The use and usefulness of carbon labelling food: A policy perspective from a survey of UK supermarket shoppers
Both the process of carbon footprinting and carbon labelling of food products are currently voluntary in the UK. Both processes derive from the UK’s policy for sustainable development and in particular, the UK’s Framework for Environmental Behaviours that strongly advocates a social marketing approach towards behavioural change. This paper examines whether carbon footprinting and labelling food products, borne from an overarching policy imperative to decarbonise food systems, is a tool that will actively facilitate consumers to make ‘greener’ purchasing decisions and whether this is a sensible way of trying to achieve to a low carbon future. We do so by drawing from a survey exploring purchasing habits and perceptions in relation to various sustainability credentials of food products and particularly ‘carbon’, using a combination of descriptive and cluster analysis. The data, from 428 UK supermarket shoppers, reveals that whilst consumer demand is relatively strong for carbon labels with a stated preference rate of 72%, confusion in interpreting and understanding labels is correspondingly high at a total of 89%, primarily as a result of poor communication and market proliferation. Three statistically distinct clusters were produced from the cluster analysis, representing taxonomies of consumers with quite different attitudes to carbon and other wider sustainability issues. Whilst the majority of consumers are likely to react positively to further carbon labelling of food products, this in itself is unlikely to drive much change in food systems. As such, the data imply that a concerted policy drive to decarbonise food systems via voluntary carbon footprinting and labelling policy initiatives is limited by a fragmented and haphazard market approach where retailers are being careful not to disaffect certain products by labelling others within the same category. Consumers may want to make choices based on the carbon footprint of products but do not feel empowered to do so and relying on consumer guilt is inappropriate. The paper concludes that the establishment of effective linkages between food policy and food market actors to drive a targeted and coherent carbon labelling policy is needed. This would provide consumers with the opportunity to make informed choices, especially within food product categories and negate the need for retailers to depend on the demand side of the supply chain to achieve carbon reduction targets.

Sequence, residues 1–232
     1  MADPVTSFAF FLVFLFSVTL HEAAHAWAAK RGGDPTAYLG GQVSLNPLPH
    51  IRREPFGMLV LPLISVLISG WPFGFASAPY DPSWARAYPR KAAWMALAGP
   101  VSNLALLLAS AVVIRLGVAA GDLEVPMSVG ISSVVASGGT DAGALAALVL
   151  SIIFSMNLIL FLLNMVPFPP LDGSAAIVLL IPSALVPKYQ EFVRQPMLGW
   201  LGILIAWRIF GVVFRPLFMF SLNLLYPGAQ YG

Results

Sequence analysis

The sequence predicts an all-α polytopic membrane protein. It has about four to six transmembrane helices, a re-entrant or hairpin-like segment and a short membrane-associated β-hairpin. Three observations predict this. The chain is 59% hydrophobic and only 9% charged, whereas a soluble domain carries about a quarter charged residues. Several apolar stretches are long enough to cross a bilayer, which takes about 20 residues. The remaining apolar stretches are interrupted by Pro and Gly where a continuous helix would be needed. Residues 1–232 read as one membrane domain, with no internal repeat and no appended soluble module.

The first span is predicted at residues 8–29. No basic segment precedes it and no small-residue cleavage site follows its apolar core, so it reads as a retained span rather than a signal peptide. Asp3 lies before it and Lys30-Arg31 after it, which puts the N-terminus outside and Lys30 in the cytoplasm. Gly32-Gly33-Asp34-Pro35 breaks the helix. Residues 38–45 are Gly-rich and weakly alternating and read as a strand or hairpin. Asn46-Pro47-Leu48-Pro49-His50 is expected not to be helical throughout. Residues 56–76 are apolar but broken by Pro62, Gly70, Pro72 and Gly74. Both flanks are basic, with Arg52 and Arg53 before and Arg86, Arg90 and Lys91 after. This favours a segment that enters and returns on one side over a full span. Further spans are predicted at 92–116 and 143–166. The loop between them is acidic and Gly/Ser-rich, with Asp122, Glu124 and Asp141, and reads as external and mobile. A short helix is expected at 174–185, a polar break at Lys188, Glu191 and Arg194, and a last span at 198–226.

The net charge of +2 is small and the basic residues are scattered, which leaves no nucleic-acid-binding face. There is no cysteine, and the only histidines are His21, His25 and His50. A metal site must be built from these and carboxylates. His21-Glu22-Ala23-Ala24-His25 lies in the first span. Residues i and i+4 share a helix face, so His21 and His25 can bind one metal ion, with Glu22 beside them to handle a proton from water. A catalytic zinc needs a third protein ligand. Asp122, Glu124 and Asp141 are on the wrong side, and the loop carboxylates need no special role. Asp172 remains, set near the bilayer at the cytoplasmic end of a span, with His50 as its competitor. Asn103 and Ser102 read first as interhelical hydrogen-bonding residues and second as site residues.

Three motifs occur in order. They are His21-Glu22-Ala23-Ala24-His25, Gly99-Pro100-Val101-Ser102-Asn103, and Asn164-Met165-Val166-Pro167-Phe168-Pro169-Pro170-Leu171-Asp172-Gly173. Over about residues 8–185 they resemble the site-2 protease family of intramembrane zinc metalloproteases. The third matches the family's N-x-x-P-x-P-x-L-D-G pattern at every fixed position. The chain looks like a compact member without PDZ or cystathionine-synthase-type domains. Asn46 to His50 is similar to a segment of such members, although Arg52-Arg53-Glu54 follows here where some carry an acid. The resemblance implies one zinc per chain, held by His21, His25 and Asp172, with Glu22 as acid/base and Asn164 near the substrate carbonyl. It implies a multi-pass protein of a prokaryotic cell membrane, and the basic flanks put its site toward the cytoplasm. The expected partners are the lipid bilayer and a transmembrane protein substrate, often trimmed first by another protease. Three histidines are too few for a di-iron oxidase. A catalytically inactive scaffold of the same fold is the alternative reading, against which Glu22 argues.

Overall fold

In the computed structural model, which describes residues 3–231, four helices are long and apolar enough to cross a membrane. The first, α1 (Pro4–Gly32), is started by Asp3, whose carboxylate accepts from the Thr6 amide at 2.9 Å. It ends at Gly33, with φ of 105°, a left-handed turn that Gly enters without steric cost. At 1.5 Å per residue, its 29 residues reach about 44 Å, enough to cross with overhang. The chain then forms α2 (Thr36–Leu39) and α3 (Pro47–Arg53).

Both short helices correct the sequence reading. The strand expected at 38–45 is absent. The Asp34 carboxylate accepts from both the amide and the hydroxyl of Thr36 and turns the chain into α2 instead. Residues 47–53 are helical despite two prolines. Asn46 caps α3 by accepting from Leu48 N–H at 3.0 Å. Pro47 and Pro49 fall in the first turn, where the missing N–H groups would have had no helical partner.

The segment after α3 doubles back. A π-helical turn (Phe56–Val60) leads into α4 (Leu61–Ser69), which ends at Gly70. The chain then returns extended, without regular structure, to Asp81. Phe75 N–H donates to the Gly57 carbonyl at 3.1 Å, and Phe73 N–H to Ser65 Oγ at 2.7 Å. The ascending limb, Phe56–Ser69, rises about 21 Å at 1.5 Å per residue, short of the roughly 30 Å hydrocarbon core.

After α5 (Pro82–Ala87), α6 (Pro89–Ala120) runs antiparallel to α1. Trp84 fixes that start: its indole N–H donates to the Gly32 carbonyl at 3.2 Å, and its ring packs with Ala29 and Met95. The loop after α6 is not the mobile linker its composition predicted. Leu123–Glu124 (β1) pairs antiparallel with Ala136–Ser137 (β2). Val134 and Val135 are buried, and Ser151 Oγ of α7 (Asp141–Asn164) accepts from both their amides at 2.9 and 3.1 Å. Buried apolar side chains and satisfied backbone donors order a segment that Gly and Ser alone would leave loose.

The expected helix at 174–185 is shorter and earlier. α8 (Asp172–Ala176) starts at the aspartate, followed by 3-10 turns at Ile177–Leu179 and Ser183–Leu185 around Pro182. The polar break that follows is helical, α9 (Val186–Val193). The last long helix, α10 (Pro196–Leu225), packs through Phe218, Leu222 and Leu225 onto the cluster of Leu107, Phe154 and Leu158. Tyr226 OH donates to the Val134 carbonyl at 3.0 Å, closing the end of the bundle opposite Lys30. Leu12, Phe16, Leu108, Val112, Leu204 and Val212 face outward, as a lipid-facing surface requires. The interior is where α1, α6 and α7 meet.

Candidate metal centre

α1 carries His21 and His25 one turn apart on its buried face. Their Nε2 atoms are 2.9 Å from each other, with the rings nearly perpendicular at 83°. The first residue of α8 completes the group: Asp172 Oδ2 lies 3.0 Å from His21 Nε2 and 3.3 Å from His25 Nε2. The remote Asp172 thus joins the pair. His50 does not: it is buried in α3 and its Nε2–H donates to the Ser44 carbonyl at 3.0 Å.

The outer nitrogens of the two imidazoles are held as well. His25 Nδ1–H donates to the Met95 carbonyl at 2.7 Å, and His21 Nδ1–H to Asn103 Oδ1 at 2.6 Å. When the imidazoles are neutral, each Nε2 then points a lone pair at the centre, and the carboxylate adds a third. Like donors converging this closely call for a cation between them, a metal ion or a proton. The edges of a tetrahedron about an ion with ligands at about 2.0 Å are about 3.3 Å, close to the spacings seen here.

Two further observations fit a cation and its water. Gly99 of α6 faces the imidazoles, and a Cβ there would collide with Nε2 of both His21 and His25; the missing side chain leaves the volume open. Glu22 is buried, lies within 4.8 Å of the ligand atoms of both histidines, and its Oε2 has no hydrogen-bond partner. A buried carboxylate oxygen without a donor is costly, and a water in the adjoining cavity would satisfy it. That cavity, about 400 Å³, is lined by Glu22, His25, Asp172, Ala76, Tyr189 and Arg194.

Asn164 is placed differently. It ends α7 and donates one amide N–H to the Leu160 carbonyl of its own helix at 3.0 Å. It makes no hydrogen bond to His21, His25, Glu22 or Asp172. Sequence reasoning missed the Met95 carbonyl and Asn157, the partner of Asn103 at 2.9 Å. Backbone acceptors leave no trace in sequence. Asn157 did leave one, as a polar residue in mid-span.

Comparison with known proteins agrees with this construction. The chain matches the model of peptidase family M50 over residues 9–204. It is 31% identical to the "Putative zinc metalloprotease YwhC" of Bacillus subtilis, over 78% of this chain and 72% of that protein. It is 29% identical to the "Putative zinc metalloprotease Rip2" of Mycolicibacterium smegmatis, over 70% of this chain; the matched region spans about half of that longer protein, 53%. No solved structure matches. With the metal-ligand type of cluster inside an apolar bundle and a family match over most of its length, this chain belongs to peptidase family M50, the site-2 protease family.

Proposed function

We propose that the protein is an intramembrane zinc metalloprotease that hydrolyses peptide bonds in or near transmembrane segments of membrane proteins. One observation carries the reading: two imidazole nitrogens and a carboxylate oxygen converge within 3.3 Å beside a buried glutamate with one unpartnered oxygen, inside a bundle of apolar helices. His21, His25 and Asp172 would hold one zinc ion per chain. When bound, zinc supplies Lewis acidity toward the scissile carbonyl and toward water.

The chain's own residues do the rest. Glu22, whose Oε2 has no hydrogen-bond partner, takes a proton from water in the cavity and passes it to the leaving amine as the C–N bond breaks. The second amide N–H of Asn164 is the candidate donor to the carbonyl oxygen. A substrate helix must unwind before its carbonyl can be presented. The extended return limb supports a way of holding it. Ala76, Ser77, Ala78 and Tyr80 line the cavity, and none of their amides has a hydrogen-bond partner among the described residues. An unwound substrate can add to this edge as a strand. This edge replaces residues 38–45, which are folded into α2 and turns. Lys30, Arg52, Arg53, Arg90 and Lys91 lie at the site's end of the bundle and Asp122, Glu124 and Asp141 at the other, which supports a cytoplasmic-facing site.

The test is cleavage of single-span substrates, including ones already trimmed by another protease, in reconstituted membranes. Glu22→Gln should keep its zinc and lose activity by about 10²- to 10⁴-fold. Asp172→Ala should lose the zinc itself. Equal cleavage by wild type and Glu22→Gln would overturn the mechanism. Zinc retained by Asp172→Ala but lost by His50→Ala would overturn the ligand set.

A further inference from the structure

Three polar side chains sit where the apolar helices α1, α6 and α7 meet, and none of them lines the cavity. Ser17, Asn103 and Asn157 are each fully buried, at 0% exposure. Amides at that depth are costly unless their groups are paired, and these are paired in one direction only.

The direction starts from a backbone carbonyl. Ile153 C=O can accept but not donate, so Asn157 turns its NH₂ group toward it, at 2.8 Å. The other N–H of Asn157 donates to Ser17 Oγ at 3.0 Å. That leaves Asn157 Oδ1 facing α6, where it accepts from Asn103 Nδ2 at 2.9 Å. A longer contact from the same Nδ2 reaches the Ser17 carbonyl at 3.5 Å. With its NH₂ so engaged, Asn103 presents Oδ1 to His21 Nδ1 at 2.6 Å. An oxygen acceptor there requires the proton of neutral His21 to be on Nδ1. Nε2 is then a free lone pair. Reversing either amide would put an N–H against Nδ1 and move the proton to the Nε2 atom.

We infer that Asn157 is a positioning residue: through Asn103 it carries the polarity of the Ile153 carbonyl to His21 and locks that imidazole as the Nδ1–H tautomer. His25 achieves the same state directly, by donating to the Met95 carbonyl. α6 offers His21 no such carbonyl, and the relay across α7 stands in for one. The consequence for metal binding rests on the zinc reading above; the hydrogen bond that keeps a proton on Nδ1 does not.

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- Arimura, Toshi H. & Hibiki, Akira & Katayama, Hajime, 2008.
"Is a voluntary approach an effective environmental policy instrument?: A case for environmental management systems,"
Journal of Environmental Economics and Management,
Elsevier, vol. 55(3), pages 281-295, May.
- Arimura, Toshi & Hibiki, Akira & Katayama, Hajime, 2007. "Is a Voluntary Approach an Effective Environmental Policy Instrument? A Case for Environmental Management Systems," Discussion Papers dp-07-31, Resources For the Future.
- Kemp, Katherine & Insch, Andrea & Holdsworth, David K. & Knight, John G., 2010. "Food miles: Do UK consumers actually care?," Food Policy, Elsevier, vol. 35(6), pages 504-513, December.
- Wallgren, Christine & Höjer, Mattias, 2009. "Eating energy--Identifying possibilities for reduced energy use in the future food supply system," Energy Policy, Elsevier, vol. 37(12), pages 5803-5813, December.
- Heather Lovell & Harriet Bulkeley & Susan Owens, 2009. "Converging agendas? Energy and climate change policies in the UK," Environment and Planning C: Government and Policy, Pion Ltd, London, vol. 27(1), pages 90-109, February. Full references (including those not matched with items on IDEAS)
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